The American dream is owning your own home, and for more than half a century the government has encouraged home ownership through low-interest loans and tax breaks. Today, about two-thirds of American households own their homes. Or I should say, partly own them. Banks and other mortgage lenders own the other part. And here's the potential problem.
You see, homes are about the only assets whose value has increased during these bleak economic times. That's at least partly due to the fact that interest rates are at rock-bottom lows, meaning that a lot of people can now afford a mortgage to buy a home, thereby boosting the housing market.
Low interest rates also make it easy for many cash-strapped Americans who already own their home to borrow more money against its value, and banks are only too happy to oblige. Homeowners are using the cash to buy all sorts of things they otherwise couldn't afford. More likely, they're using the cash to pay down mounting credit-card debt. You see, interest rates on home-equity loans are only about half that on credit card debt, and home-equity interest payments loan can be deducted from income taxes.
Last year, homeowners raised $130 billion through home-equity loans. That's nearly double the amount they raised the year before. So far this year, the home-equity borrowing binge keeps growing. Now, what happens if you can't repay your home equity loan because you lose your job or your paycheck starts shrinking? Well, as long as the value of your home keeps rising, you can always take out another loan -- which is exactly what many people are doing. Or if worse comes to worse, you can sell your home for more than the amount you owe, pay off your debt and settle into a smaller house.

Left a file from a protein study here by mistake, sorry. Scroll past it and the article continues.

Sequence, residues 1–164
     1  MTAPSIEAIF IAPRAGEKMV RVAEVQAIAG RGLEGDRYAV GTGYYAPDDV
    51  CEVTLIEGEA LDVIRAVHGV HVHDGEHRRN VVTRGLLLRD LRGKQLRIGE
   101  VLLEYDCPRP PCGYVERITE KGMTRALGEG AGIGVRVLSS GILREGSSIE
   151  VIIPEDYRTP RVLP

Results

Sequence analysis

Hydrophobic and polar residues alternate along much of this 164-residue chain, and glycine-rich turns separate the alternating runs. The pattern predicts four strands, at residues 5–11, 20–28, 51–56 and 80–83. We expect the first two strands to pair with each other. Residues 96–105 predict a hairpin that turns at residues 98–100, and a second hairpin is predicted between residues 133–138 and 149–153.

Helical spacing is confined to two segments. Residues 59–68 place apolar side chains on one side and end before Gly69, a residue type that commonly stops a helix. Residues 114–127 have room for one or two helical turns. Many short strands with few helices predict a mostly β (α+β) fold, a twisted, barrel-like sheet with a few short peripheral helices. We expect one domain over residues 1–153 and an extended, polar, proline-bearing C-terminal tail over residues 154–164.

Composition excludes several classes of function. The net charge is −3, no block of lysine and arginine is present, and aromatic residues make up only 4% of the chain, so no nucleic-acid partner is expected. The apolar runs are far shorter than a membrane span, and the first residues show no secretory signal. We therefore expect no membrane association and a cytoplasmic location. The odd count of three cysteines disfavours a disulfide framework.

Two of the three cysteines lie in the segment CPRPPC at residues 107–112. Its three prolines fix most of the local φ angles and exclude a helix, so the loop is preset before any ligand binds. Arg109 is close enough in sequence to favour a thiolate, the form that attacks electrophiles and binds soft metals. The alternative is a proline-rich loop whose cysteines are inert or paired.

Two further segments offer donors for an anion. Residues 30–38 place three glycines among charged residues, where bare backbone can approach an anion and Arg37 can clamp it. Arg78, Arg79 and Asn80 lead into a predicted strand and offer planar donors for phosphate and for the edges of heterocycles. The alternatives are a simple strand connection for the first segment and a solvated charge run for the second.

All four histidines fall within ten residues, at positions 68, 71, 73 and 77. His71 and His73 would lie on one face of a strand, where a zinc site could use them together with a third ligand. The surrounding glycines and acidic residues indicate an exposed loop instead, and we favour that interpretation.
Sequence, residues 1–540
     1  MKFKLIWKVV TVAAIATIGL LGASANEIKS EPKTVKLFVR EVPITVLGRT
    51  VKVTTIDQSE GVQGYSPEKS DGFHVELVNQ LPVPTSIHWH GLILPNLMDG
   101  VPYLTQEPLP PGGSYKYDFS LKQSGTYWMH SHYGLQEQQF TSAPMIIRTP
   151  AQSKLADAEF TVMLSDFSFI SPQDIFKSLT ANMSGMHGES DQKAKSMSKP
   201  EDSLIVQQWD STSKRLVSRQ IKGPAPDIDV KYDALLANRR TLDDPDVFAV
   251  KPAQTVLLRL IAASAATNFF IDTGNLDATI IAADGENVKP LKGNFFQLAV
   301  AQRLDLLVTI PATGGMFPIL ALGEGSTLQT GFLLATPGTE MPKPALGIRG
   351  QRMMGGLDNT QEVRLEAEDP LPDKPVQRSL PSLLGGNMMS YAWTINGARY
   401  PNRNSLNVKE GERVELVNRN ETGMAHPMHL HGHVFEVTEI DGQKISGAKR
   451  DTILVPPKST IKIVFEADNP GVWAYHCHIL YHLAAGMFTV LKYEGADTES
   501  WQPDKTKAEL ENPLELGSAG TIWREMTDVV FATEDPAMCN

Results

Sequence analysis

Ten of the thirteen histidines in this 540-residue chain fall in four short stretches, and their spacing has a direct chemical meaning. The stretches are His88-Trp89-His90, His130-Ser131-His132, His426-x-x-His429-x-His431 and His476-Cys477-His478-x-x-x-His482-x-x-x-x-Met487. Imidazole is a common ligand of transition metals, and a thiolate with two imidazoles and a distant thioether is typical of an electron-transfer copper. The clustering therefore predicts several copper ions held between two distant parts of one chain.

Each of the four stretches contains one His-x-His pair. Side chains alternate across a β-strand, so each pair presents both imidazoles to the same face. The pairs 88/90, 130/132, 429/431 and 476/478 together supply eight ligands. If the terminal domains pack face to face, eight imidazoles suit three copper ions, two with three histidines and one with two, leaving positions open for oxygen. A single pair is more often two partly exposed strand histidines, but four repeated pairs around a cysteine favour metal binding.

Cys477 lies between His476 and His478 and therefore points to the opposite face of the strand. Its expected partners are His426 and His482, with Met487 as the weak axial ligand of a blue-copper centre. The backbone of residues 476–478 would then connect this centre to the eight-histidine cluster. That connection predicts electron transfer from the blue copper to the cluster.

But here's the catch. When interest rates start heading upward again, a lot of home prices will start heading south. That's because mortgages will become more expensive, which means fewer people will be in the market to buy a home. With all the new homes being built right now, some housing markets are already facing a glut. Home prices are softening in Oklahoma, North Carolina, Indiana, Ohio and Washington state.
If you can't repay your home-equity loan and the price of your home is flat or declining, you're in trouble -- and so is your bank. "Equity delinquencies" are on the rise. In Oklahoma alone, there was a fourfold increase at the end of last year. Not only will a lot of people lose their homes, but a lot banks will be holding pieces of paper not nearly worth their face value.
I can't predict the future, but I can tell you three things for sure: First, interest rates will be heading up again. I mean, just look at projected federal budget deficits and you'll find reason enough. Second, many people have taken on way too much home-equity debt and are going to find themselves in hot water. Third, a lot of boomers who assume their homes will be their nest eggs in retirement are going to have an unpleasant surprise.
Robert Reich, former secretary of labor in the Clinton administration, is professor of social and economic policy at Brandeis and the author of "Reason: Why Liberals Will Win the Battle for America."